A massive multifamily owner who plans to install facial recognition scanners at a rent-regulated complex in Brooklyn is facing the ire of residents who fear they could be surveilled.
Tenants at Nelson Management’s 700-unit Atlantic Plaza Towers in Brownsville filed an objection to the installation with the state’s Division of Housing and Community Renewal in January, Gothamist reported.
Brooklyn Legal Services’ Tenants Rights Coalition, which is representing the tenants, told the publication that it was unaware of facial recognition being used in other rent-regulated apartment buildings, and that the landlord “made no assurances to protect the data from being accessed by NYPD, ICE, or any other city, state, or federal agency.”
In a statement, the Department of Housing Preservation and Development said that while it had not seen an uptick in such “amenities,” the agency welcomes “development plans that allow for the marriage of high tech features and affordability.”
Nelson Management, which owns multifamily properties in Brooklyn, the Bronx and Mahanttan, said in a statement that the firm planned to fully comply with recommendations made by the state agency.
“This technology is the most innovative and effective solution for protecting the safety and security of residents in our properties,” Robert Nelson, the company’s founder and president, said in a statement to The Real Deal. “That is our sole motivation for pursuing these upgrades.”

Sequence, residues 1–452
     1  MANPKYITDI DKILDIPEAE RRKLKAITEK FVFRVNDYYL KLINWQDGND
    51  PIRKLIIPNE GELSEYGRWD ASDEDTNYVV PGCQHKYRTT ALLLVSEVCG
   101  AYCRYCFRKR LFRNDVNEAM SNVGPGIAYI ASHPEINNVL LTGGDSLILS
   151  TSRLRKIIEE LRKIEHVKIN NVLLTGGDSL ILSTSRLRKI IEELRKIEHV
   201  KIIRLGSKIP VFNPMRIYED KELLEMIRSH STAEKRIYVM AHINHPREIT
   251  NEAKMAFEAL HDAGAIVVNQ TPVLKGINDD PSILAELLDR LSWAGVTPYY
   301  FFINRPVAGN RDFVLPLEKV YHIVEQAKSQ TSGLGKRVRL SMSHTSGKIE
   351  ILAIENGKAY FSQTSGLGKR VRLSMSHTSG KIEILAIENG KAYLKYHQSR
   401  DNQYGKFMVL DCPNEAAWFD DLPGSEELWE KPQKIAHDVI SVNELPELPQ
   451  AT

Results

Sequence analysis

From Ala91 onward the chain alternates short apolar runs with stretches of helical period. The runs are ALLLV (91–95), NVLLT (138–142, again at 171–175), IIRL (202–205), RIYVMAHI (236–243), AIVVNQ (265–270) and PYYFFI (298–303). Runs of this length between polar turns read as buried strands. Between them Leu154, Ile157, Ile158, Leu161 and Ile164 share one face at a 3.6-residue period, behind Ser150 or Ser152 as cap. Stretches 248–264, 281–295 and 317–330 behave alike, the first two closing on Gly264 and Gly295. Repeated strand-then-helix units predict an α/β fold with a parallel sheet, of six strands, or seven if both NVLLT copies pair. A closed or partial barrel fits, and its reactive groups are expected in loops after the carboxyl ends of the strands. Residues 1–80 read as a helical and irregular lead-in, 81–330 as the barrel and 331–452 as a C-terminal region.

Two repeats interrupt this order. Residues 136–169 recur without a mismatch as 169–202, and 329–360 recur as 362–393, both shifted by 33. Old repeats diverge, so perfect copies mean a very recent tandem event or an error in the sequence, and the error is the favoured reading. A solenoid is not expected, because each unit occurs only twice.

The company told TRD that the scanner itself does not take photos and registers about 5 percent of a person’s face. “StoneLock technology only engages with individuals that actively enroll into the system,” the company said in a statement. “Identity is protected, privacy ensured, and access seamlessly guaranteed.”
Still, residents at the buildings remain wary.
“We don’t want to be tracked,” Icemae Downes, a tenant, told Gothamist. “This is like tagging us through our faces because they can’t implant us with a chip.”
Across town, the debate over data privacy and surveillance has also raised concerns at Hudson Yards. TRD reported that Related Companies, the site’s developer, planned to store data it collected for infinite time periods, and could potentially sell it to third party, a red flag for some anti-surveillance advocates. One of the technologies are kiosks, developed by Google-affiliate Intersection, which are used for directions and displaying advertisements, but also have cameras and microphones.